Pele fears protests will hurt World Cup
Brazilian football legend Pele expressed concern on Monday that social protests in his country could prompt nervous fans from abroad to cancel their trips to the World Cup.
Pele, speaking at a press conference in a Mexico City suburb, said he had no doubt that demonstrations that have reemerged in recent weeks would affect the tournament if they continue.
"We already know that 25 percent of foreigners who were going to Brazil are worried by the protest movement, and I think they have cancelled," said the 73-year-old honorary ambassador to the tournament.
"This is a great loss for the country," said Pele, who won his third World Cup in Mexico in 1970.
With less than a month to go until the first kick-off on June 12, Brazil is facing a new wave of protests from people angry at the cost of the World Cup and lackluster spending on public services.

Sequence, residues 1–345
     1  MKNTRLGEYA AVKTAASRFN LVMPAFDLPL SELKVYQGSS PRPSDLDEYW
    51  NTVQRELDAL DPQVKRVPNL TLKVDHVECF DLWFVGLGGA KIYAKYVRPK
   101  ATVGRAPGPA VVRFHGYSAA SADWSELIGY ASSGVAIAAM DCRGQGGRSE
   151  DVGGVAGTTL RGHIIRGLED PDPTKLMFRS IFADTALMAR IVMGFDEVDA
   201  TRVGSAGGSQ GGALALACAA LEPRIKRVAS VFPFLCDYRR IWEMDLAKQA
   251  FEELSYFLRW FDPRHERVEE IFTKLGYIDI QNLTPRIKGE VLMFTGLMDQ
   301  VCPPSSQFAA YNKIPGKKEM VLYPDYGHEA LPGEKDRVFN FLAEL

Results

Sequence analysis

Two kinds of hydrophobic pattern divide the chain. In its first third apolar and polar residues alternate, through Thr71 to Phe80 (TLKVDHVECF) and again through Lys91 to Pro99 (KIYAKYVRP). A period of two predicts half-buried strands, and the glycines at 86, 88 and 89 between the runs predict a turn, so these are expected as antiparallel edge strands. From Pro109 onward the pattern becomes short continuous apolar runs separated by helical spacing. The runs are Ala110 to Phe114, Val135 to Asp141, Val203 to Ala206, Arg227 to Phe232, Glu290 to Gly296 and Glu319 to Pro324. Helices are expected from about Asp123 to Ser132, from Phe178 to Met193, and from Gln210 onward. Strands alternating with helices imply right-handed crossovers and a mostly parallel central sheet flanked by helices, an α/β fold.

Some protests have turned violent, but they are smaller than the demonstrations that brought one million people to the streets last year during the Confederations Cup, a warm-up to the World Cup.
Pele, who was criticized last year for urging Brazilians to leave the streets and focus on football, said he agreed with the protesters' grievances, like the need for more schools and hospitals.
But "O Rei" (King) Pele said the Brazilian national team should not have to pay for "the corruption and politics."
"We have nothing to do with corrupt politicians and thieves. It is not our fault," the former Santos great said, arguing that players should not be lumped together with "the thieves who stole to make stadiums."
Pele also voiced dismay that some of the 12 World Cup stadiums have yet to be finished 24 days from the first game.
Turning to the national team's chances of winning its sixth World Cup, Pele said he saw weaknesses in the attacking side and voiced concerns about putting too much pressure on young star forward Neymar.
"We have confidence in the Brazilian team. The only problem I see is that Brazil has more World Cups than everybody else and people think it is obligated to win" at home, he said.
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